Every business, including mine, at one time or the other is guilty of making some cardinal mistakes. These mistakes inhibit growth, kill sales and are generally counter intuitive.
Here is a checklist:
Mistake 1: Failing to create real value.
Create real value based on what your clients define as real value. Create value for employees, suppliers, and government agencies. Have you critically looked at the failing of General Motors? I think they created value by their own definition instead of their client’s meaning.
Mistake 2: Failing to have a unique selling proposition.
To be successful, you must be different, special, distinctive or advantageous in the eyes of your clients. It’s not a luxury, but a basic necessity in your business.
You have to be seen by your clients as the only viable solution for the problems you are solving.
Mistake 3: Failing to be an idea generator
The more ideas you produce the higher your chances of growth. Great money-making ideas are usually simple. Continually look for ideas of faster delivery, simpler ordering procedures, and an easier reward system for your employees.
Remember the difference between a gold medalist and a silver or bronze winner is normally in microseconds. However the rewards of the winner are monstrous. It is the small differences that will give you huge returns in your business.
Mistake 4: Failing to engineer success in every action you take.
Most people are reactive rather than proactive. Every action, move or decision you make must be to maximize your return on investment.
Plan 10 years ahead and take little actions daily to give you progress. Be logical, strategic and visionary.
Mistake 5: Failing to have personal discipline.
The success of every person largely depends on the discipline of the owners or leaders.
Nothing much worth talking about can be achieved without discipline. It is not easy to measure discipline however normally the numbers will tell. When an athlete wins a major competition or a business remains successful year in, year out, it is most probably as a result of discipline.
Mistake 6: Having one income source.
Depending on one income source is dangerous. You must continually work to reduce your income dependence on one client, industry (say mining or oil and gas), technology (such as visitor management system), geographical market, age group, or product.
Mistake 7: Failing to continually identify hidden opportunities.
Opportunities are everywhere in your business. The gold mine, the key to the safe is right under your feet. You must be committed to continually examine your business to maximize your income.
Every business has under-utilized assets, under performing procedures, untapped resources and even undervalued relationships.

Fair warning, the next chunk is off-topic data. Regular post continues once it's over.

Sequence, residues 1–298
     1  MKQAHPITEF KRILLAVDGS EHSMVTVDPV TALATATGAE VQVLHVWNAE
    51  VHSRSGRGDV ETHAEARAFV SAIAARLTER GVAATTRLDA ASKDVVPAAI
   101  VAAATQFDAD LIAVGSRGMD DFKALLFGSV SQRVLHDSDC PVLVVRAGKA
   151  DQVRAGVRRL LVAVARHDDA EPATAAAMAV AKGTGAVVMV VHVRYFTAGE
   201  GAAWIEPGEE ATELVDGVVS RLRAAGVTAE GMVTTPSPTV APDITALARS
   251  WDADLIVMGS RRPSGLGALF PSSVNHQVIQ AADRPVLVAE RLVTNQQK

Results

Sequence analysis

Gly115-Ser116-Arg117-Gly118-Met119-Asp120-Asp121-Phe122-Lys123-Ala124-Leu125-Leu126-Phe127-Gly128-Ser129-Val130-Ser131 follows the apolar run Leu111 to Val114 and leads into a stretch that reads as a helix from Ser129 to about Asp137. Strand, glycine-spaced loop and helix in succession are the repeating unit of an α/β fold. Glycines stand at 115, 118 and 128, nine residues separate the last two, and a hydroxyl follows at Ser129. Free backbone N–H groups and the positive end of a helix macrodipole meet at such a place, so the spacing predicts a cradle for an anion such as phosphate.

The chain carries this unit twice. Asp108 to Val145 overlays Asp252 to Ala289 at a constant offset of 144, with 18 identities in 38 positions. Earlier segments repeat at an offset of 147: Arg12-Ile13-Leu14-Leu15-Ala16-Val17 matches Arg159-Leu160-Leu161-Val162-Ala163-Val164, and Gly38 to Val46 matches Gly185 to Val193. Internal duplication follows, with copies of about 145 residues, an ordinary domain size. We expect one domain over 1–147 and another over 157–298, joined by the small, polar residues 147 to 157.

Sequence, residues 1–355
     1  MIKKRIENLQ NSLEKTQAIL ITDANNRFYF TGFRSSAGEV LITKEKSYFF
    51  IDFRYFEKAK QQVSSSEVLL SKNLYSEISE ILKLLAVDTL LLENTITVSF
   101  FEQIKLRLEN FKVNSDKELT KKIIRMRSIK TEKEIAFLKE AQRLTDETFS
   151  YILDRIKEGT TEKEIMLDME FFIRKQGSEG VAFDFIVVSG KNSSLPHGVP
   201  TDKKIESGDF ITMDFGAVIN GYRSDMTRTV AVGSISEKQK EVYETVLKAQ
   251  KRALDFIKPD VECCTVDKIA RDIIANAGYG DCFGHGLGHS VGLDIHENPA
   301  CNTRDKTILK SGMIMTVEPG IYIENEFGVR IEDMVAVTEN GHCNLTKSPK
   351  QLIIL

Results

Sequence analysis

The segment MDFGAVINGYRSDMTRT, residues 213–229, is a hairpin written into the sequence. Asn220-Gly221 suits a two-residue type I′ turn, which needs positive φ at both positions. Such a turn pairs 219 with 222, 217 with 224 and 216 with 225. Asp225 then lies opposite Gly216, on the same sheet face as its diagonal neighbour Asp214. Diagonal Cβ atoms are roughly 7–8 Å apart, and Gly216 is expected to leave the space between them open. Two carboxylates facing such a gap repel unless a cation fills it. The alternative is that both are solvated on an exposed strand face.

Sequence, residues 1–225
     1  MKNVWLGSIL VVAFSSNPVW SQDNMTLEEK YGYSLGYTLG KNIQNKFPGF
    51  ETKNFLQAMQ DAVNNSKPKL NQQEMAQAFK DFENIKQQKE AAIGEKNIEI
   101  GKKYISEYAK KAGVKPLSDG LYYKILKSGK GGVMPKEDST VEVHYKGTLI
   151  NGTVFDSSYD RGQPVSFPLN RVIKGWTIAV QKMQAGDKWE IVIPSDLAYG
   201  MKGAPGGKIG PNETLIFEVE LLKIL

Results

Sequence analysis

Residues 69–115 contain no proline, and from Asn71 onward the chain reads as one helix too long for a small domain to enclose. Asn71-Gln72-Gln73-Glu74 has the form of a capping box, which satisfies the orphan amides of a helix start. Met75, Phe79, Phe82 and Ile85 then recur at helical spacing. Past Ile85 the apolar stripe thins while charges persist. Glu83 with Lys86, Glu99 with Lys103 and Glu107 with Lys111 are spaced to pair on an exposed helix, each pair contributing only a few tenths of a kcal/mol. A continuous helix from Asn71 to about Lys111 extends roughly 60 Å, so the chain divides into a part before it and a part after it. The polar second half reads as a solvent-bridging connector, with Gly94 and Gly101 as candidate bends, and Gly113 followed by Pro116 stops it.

If you examine carefully you might be shocked to find that one of your clients is a wife of a CEO of a major corporation. And this is the very corporation you’ve been looking forward to being on their supplier list. Do you see how relationships can spur your growth?
Mistake 8: Failing the test or ignoring it altogether.
You will be shocked how many businesses assume and take their markets for granted. They never test and so make costly missteps.
Testing your major business growth factors is critical. How do you know that the price you are charging now is the best for your market? Have you tested a higher or lower price?
Mistake 9: Mindset mistake.
This is lack of persistence, positive mental attitude, poor ethics, poor vision, worry and not having gratitude.
Some people think they can hide their thinking, however you cannot. What you are on the inside will show clearly on the outside. In other words your outer environment is a direct reflection of your inner world.
Mistake 10: Failing to make small successes.
It is critical to psychologically make short-term wins. These successes validate your actions and direction. You must be committed to seeing that you mine windfall gains every month. Otherwise you will lose torque.
Making $5 profit when selling IT support services is better than nothing. A small success boosts your confidence.
Mistake 11: Failing to present an irresistible offer.
Whenever two people are about to engage in a commercial transaction, there is always the ‘what if factor’ in their minds. Your duty is to remove any risk from your client’s mind. Offer a lifetime, one year, 90 days or 30 days guarantee as may be appropriate.
Give a test drive, warranty or some form of assurance that if anything goes wrong you will stand by your product. Remember the fear of loss is much bigger that the desire for gain in human beings.
Mistake 12: Failing to make growth a natural part of the business.
It is not just enough to say you desire growth. Have you put a referral system in your business? Are you marketing persistently? Are you putting up new products into the market continually? Are you relentlessly refining your processes, procedures and planning methods?
Mistake 13: Being a lone ranger.
Interact with like-minded successful people in your industry or outside your industry. Form strategic alliances, mastermind groups, brainstorming sessions and share perspectives.
To be a lone ranger is to simply make your life hard and poor.
Are you guilty of any of these 13 mistakes?